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02-10 Taking Html Apart

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    Now that we understand how HTML works,
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    we want to separate out these tags from the words that will be displaced on the screen.
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    Breaking up words like this is actually a surprisingly common task in real life.
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    For example, ancient Latin was often written or inscribed without spaces.
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    This particular set of letters "SENTATUSPOPULUSQUEROMANUS"
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    is inscribed on the arch of Titus, which I've doodled over here as a column,
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    but what can you do? Arches are apparently beyond my power.
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    I know. It has just become an arch. Those labels never lie.
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    Roman inscriptions like this were written without spaces,
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    and it requires a bit of domain knowledge to know how to break this up.
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    "Senate and the People of Rome." That inscription was made quite some time ago.
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    Similarly, in many written Asian languages, they don't explicitly include spaces
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    or punctuations between the various characters or glyphs.
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    In this particular Japanese example, and both my handwriting and my stroke order
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    are very, very poor--have pity--some amount of domain knowledge is required to break up
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    "ano" from "yama"--"that mountain."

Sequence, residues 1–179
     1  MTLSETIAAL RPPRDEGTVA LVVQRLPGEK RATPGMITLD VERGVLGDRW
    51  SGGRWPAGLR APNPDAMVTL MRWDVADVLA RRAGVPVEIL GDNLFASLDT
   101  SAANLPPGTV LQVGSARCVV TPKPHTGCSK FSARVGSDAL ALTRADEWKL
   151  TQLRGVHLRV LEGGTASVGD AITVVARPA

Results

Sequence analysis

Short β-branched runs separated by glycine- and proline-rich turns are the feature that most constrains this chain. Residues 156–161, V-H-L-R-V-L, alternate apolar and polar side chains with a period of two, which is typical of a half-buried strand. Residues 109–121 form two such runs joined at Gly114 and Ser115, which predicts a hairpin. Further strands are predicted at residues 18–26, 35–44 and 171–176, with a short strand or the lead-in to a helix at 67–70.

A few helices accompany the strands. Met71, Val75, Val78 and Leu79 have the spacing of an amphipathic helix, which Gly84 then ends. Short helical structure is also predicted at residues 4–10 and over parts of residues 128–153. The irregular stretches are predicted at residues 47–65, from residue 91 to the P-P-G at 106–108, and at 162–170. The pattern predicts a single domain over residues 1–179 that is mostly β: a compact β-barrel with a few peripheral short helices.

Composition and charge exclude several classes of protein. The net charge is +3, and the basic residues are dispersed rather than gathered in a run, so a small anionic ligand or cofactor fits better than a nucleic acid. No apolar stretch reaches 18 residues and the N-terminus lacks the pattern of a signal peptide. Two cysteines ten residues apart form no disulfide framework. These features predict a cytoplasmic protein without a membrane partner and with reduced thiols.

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    Finally,even if you're not familiar with Asian languages or ancient Latin,
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    you might have seen the same sort of thing in a much more modern guise,
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    in text messaging.
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    Some amount of domain knowledge is required to break this up into "I love you"
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    even though no particular spaces are given.
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    We will want to do the same thing for HTML to break it up into words
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    like "Wollstonecraft" and "wrote" that will appear on the screen
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    or this special left angle bracket slash maneuver that tells us that we're starting end tag,
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    this special word in the middle that tells us which tag it was,
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    and then this closing right angle bracket.
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    Once again, for this HTML fragment we want to break it up into this first word,
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    the start of the closing tag, another word, the end of the closing tag,
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    and then another word.
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    We're going to need to do this to write our web browser.
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    In order to interpret HTML and JavaScript, we're going to have to break sentences down
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    into their component words to figure out what's going on.
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    This process is called--dun, dun, dun, dun-- lexical analysis.
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    Lexical here has the same roots and "lexicon" like a dictionary.
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    This means "to break something down into words."
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    You'll be pleased to know that we're going to use regular expressions to solve this problem.
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    Here I've written another one of those decompositions.
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    We might have broken an HTML fragment down into these word-like objects,
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    but this time you're going to help me out by doing the problem in reverse.
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    So in this multiple multiple choice quiz, I'd like you to mark each one of these HTML fragments
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    that would decompose into this sequence of five elements.
Cím:
02-10 Taking Html Apart
Leírás:

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Video Language:
English
Team:
Udacity
Projekt:
CS262 - Programming Languages
Duration:
03:05
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